But he’s not alone – World War II Army veteran Monty Montgomery joined the ranks a few years back. Montgomery, who jokingly said he thinks he stole Lachance’s thunder, completed his first Spartan Race at 92 years old.
“I think my whole life, when I had a challenge, it was like, ‘I’ll prove I can do it,’” he said. “And that was kind of the challenge [of the Spartan Race] … Sometimes I find things like that, I look at it and say, ‘Huh. I could do that,’ and then my body says, ‘Are you crazy?’ But I try anyway. That’s all anybody does is try.”
Montgomery was 93 when he and Lachance first met.
“One of these races here comes this big, tall lanky guy … and the guy is 100% gentleman,” Lachance said. “The nicest guy you’ll ever meet.”
After Montgomery’s first race, his daughter, Diane, attended and brought a sign acknowledging his age – 93 at the time – and military service.
“You’d think I was some big celebrity or something,” Montgomery said. “… Since then, I’ve met a lot of really great people and especially with this group that’s kind of adopted me, the Enduring Warriors.”
Operation Enduring Warrior (OEW) is a nonprofit that assists first responders and military members “through physical, mental and emotional rehabilitation,” according to its website.
Training and competing for a Spartan Race
Montgomery said he keeps going back because of the Spartan community.
“I met a lot of really great people,” he said. “And I thought, ‘Now that I know what it’s about, I’ll see if I can do better the next time.’ And I always had these aspirations. I got plenty of time left before the next race, I’m going to show these young 50-year-old whipper snaps how to do it. But then suddenly it’s time for the race again, and I haven’t really got in that great of shape or anything. But I’m always exercising and running and doing things, but I’ve been like that for most of my life.”
Montgomery said he used to compete in triathlons, but his workout regimen now includes running and going to the gym to work on specific movements like pull ups and chin ups. Still, it’s more about the relationships.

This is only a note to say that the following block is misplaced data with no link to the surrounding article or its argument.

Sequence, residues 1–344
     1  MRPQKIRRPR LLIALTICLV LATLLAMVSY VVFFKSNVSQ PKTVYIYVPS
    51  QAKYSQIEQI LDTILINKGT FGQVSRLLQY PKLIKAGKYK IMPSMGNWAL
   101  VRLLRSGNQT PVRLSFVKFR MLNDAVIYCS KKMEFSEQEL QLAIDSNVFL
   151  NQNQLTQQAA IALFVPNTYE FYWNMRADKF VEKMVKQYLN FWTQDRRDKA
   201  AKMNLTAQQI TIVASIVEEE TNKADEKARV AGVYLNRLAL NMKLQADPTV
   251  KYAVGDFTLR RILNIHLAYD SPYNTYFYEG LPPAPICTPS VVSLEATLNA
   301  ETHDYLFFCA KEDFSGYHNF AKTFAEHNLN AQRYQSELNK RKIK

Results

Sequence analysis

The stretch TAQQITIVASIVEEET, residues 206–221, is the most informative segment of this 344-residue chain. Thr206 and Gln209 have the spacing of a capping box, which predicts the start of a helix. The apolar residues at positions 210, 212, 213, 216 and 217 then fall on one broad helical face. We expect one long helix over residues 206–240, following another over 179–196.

“[They’re] people that you just don’t meet in bars and places like that,” Montgomery said. “They’re all into health and exercise and stuff like that. And I just find that they’re super kind of people. The kind of people I like to be around.”
Montgomery also said other competitors – like those who are amputees – are “just unbelievable.”
“They come and think that what I’m doing, that’s something,” Montgomery said. “The only reason that they think I’m doing anything special is just because of my age. And actually, it’s only a number. Some people are old at 30, and some are 100 years old still going strong.”
Lachance, who lives in Grand Junction, Colorado, said he jogs two to three miles daily – weather permitting – in preparation for Spartan races. He also practices spear throwing in his backyard.
For anyone considering their first obstacle course race, Lachance said they should have fun and not worry.
“You’re not going to podium. You’re not going to win any money,” he said. “But if you finish, you and I are going to get the same medal. We’re going to get the same banana. We’re going to get the same FitAid. And we’re going to get the same T-shirt.
“So if you want to run and set a personal record time, fine. But if you want to go and really enjoy the Spartan experience, talk to the people that are next to you, in front of you, behind you.”
To find a Spartan race near you, visit the Spartan Race webiste. https://www.spartan.com/.Read comments